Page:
For 11 inefficient games, Serge Ibaka struggled mightily to adjust to life without Russell Westbrook, raising valid questions about whether he needed his All-Star point guard to fully function.
But during the three most crucial minutes of Sunday's wild 106-105 overtime win over Washington, the Thunder big man tried his best to squash that narrative.
“Obviously, he's had some big games for us,” Oklahoma City coach Scott Brooks said of Ibaka. “Today has to be up there (with his best).”
Westbrook was ejected with 3:18 to play. The Thunder trailed by 10. Any faint hope seemed long out the window.
Then, in one of the wildest late-game turnarounds you'll see, OKC went on a 14-4 run to tie it by the end of regulation.
And it was all sparked by the aggressive play of Ibaka.
With two minutes left, he hit a crucial six-foot jumper. With 80 seconds left, he had a massive defensive rebound. With 70 seconds left, he flushed in a monster dunk. With 34 seconds left, he kept hope alive with a huge offensive rebound putback.
In all, the spurt included only six of his 25 points and three of his 10 rebounds.
But the timing of the plays, and the fact that he made them following Westbrook's departure, made them all the more monumental.
“He was great offensive rebounding, knocking down shots,” Kevin Durant said. “He was just aggressive all night. I'm proud of him.”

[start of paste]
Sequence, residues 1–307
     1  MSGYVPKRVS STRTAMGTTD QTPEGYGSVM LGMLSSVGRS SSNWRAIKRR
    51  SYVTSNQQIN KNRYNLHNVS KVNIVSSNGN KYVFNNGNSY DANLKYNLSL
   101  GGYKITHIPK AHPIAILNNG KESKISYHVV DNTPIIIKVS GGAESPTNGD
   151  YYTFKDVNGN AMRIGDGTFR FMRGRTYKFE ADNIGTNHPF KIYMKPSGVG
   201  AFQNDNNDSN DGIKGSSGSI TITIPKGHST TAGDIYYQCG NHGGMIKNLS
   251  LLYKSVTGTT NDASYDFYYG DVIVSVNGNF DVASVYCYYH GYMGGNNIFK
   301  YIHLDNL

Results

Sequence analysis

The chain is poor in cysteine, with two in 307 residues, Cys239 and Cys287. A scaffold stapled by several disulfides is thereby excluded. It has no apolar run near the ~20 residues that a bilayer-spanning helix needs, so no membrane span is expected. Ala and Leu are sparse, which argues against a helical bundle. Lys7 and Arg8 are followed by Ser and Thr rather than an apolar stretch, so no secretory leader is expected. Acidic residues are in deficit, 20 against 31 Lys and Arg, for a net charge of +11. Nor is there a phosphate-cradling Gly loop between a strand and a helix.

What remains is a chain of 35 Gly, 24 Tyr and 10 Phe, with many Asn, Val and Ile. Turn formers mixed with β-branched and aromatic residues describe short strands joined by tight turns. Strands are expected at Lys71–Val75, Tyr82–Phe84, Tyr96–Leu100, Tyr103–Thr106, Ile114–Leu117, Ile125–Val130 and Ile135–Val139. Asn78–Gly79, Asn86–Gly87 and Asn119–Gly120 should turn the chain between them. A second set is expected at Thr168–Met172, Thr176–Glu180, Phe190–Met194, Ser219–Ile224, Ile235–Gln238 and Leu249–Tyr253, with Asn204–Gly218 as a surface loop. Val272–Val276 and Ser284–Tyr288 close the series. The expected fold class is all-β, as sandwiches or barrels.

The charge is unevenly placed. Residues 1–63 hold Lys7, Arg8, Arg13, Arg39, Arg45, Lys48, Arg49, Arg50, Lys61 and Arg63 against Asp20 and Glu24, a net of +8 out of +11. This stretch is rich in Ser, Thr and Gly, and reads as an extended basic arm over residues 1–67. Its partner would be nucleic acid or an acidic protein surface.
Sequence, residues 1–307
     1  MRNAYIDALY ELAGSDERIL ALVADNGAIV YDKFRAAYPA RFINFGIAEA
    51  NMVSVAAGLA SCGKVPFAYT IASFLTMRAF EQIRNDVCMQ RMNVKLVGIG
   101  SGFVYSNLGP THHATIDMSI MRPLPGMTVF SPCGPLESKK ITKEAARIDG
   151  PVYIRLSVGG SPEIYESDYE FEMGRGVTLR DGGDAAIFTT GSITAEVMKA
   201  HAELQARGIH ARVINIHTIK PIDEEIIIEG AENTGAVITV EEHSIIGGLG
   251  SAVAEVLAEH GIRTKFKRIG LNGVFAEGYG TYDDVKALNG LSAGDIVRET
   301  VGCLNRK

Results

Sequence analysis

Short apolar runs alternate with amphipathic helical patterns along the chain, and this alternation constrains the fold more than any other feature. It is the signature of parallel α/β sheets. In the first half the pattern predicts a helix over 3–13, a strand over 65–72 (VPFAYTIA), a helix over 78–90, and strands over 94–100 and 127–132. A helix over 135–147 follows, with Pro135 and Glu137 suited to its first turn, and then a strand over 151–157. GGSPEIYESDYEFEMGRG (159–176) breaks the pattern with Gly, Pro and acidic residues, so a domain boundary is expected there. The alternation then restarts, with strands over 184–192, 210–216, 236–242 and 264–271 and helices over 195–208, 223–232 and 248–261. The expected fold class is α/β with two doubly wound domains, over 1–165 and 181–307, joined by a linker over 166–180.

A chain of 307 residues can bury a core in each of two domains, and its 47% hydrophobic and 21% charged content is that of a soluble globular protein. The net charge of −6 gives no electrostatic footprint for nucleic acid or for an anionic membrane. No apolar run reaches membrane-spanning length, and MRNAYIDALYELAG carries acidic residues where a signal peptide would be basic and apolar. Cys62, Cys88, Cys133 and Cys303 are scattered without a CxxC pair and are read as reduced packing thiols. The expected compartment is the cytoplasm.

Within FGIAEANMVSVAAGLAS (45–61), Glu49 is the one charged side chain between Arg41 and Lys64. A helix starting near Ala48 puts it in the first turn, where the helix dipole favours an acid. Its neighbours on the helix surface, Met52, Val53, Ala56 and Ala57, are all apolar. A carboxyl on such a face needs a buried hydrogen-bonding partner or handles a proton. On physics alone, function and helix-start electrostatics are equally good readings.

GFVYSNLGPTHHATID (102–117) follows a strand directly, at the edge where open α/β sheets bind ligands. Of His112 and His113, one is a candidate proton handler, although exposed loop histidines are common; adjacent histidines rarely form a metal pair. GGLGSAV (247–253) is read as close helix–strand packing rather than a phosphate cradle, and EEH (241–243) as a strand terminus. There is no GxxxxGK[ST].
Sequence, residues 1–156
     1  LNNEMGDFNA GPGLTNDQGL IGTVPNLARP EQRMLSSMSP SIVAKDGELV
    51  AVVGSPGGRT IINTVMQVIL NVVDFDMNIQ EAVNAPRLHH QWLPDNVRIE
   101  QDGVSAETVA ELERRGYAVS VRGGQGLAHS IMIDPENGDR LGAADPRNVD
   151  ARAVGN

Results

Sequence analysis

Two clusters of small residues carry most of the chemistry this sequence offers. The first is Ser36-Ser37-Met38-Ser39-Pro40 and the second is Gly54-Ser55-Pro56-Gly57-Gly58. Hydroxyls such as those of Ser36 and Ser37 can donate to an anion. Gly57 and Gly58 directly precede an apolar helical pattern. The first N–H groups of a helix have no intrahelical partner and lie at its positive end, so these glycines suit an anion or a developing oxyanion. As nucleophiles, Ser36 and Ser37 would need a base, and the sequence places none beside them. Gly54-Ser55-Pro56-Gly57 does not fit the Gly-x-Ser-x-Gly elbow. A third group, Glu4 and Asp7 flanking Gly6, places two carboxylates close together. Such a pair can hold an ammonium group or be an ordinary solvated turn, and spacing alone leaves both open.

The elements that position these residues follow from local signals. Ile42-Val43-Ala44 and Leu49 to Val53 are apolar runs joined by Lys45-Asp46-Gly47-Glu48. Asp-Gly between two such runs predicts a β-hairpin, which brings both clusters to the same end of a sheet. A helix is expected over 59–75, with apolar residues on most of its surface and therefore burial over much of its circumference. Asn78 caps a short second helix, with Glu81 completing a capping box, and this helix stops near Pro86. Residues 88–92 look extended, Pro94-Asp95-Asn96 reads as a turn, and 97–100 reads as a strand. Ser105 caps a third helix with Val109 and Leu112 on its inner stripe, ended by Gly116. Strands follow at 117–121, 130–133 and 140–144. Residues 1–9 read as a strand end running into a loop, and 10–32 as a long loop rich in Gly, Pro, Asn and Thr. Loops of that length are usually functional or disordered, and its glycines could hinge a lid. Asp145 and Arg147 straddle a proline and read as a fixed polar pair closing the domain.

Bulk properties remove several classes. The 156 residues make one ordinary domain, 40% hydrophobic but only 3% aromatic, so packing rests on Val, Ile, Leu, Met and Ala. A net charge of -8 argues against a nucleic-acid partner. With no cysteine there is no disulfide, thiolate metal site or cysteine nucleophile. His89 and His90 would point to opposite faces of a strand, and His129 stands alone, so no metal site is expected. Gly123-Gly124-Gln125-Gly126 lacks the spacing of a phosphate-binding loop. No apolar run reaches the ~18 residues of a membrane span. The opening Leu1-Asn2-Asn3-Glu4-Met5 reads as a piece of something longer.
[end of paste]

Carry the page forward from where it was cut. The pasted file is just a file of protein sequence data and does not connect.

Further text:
In the end, Durant was the hero, drilling the game-tying 3-pointer at the end of regulation and leading the team with four points in overtime.
“You never feel like it's over when you got a guy named Kevin Durant on the other side,” said Wizards star John Wall, who missed a game-winning layup at the buzzer.
But Durant has stepped up in the clutch before. Many times, in fact. The late 3-pointer was his 12th career game-tying shot in the last 24 seconds, the most in the NBA since 2007-08, per ESPN Stats.
Ibaka, however, hasn't been counted on much in the clutch before. And before Sunday night, his struggles without Westbrook, as second-fiddle, were well-documented.
So of all the late-game heroics (and there were plenty), Ibaka's performance might have been the most encouraging.
His interior dominance was the biggest key to helping Thunder overcome a late 12-point deficit, the franchise's largest fourth quarter comeback since moving to OKC.
“That last thee minutes was some of the best basketball I've seen out of us since I've been here,” Durant said.
And that's particularly applicable to Serge Ibaka.